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The demand for happiness advice is vast and many different thinkers
have offered their views. This special issue presents a cross section of happiness
counseling through the ages and considers the advice by classic Chinese philosophers,
Epicurus, Schopenhauer, as well as contemporary New Age thinkers and selfhelp
authors.

The demand for happiness advice is vast and many different thinkers have offered their views. For the Journal of Happiness Studies I served as a quest editor of a special issue about happiness counseling through the ages. We have tried to assess whether there is an evidence base for the advice by classic Chinese philosophers, Epicurus, Schopenhauer, as well as contemporary New Age thinkers and self-help authors. You can find the papers for which I have the copyright down here.

Introduction of the special issue

Outlines the general idea behind the special issue and summarizes the findings of the contributing authors.

Download the paper  Advise of the wise 

Psychological self-help 

There is a lot of skepticism about these self-help books. Some claim that they provide false hope or even do harm. Yet there are also reasons to expect positive effects from reading such books. One reason is that the messages fit fairly well with observed conditions for happiness and another reason is that such books may encourage active coping. There is also evidence for the effectiveness of bibliotherapy in the treatment of psychological disorders. The positive and negative consequences of self-help are a neglected subject in academic psychology. This is regrettable, because self-help books may be the most important—although not the most reliable—channel through which psychological insights find their way to the general audience. 

Download the paper  Do self-help books help? 

The great Pessimist

The German philosopher Arthur Schopenhauer (1788–1860) is well known for his pessimism. He did not believe in real happiness. In his view, the best a person can achieve is to reduce misery. At the end of his career, he wrote a book on how to live the most bearable life. This is a practical guide based on his personal experiences and illustrated by quotations from other thinkers subscribing to his views. In this paper, we summarize his recommendations and compare these with conditions for happiness as observed in present day empirical research. Little of the advice appears to fit current research on conditions for happiness. Following Schopenhauer’s advice would probably make us unhappier, even if we had the same neurotic personality.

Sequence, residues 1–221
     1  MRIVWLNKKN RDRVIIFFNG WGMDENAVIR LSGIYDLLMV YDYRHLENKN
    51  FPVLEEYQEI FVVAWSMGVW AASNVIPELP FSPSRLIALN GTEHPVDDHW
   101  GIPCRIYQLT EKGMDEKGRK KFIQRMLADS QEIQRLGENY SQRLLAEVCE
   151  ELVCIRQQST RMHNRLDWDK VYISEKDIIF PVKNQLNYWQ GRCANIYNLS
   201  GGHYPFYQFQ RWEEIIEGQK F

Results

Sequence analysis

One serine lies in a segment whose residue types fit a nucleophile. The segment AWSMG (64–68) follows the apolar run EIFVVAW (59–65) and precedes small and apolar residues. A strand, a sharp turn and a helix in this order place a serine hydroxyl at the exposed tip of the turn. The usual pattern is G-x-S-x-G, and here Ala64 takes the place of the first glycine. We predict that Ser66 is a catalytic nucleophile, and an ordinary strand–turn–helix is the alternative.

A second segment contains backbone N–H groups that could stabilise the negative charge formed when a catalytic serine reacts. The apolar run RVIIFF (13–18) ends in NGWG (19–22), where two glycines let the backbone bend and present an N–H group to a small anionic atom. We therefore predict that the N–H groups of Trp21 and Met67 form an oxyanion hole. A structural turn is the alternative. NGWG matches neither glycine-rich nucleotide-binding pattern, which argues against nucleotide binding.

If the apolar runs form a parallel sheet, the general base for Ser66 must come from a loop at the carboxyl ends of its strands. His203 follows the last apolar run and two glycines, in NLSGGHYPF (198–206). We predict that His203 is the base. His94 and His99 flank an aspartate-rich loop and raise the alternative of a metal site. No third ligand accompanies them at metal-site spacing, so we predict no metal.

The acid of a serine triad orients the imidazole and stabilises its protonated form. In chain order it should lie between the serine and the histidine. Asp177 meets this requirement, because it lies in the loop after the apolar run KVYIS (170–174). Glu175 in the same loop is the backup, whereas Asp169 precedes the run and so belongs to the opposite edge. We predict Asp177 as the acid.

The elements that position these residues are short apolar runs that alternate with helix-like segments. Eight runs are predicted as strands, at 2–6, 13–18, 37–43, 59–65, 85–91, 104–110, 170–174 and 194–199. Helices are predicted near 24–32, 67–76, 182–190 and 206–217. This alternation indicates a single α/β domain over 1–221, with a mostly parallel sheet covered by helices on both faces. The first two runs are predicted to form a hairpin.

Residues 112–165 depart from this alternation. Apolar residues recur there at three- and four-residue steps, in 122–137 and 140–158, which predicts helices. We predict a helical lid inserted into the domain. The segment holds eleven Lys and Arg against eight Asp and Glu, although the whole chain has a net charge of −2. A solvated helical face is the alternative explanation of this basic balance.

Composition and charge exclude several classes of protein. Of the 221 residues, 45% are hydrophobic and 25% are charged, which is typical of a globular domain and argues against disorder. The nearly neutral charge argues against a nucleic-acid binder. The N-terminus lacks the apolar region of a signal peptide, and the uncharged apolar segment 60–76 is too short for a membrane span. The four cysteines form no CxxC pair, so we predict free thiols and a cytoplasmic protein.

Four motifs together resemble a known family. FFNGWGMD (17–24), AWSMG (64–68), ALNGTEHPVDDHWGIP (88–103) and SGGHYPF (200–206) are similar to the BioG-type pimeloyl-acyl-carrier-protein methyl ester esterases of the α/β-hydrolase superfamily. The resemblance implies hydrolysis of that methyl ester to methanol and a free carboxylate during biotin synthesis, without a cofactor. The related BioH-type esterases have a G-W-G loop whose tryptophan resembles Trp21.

Download the paper  Arthur’s advice: comparing Arthur Schopenhauer’s advice on happiness with contemporary research 

Epicurean pleasures

Epicurus was a philosopher who lived in Greece in the 3rd century B.C. Like his contemporaries, he was much concerned with the question of how to live a good life. In his view the Chief Good is to decrease pain and increase pleasure. Though Epicurus is reputed for advocating the pursuit of refined sensorial pleasures, he recognized the need for deferring gratification or enduring pain. He advised his followers to lead a modest and contemplative life in friendly communities. His advice can be characterized as ‘serene hedonism’. This paper explains that position and considers its applicability for the present day. It concludes that Epicureanism was quite accurate in describing the conditions of happiness and that he offered valuable guidelines in dealing with hardship and difficult emotional content. His ideas that happiness is the same as the absence of pain and that one should withdraw from society are less fortunate. It made him assume that happiness automatically follows if one is in the right state of mind, and that there is no need to actively seek interaction with the environment for the betterment of the circumstances of life. However, Epicurus’ advice might have been a good option for his contemporaries given the societal turmoil in his times.

Download the paper  Happiness in the garden of Epicurus 

Closing remarks of the special issue

One of the aims of this special issue on happiness advice was to assess the reality value of recommendations. All papers checked empirical indications for effectiveness, typically by inspecting whether the things advised have been found to be related to happiness in empirical research. Some limitations of this approach are that some advisers used a different definition of happiness than the papers, the papers checked the advice for present day readers, not for the contemporaries of advisers, the data that is used to check the advice is most often correlative in nature, and the papers ignored personality differences. Future research should focus on a wider range of happiness advisers, look at the interaction of the advice and individual readers and address the question of the usefulness of the advice experimentally.

Download the paper  The advice of the wise: afterthoughts about reality checking 

Other papers by Ad Bergsma about happiness

 

 

 
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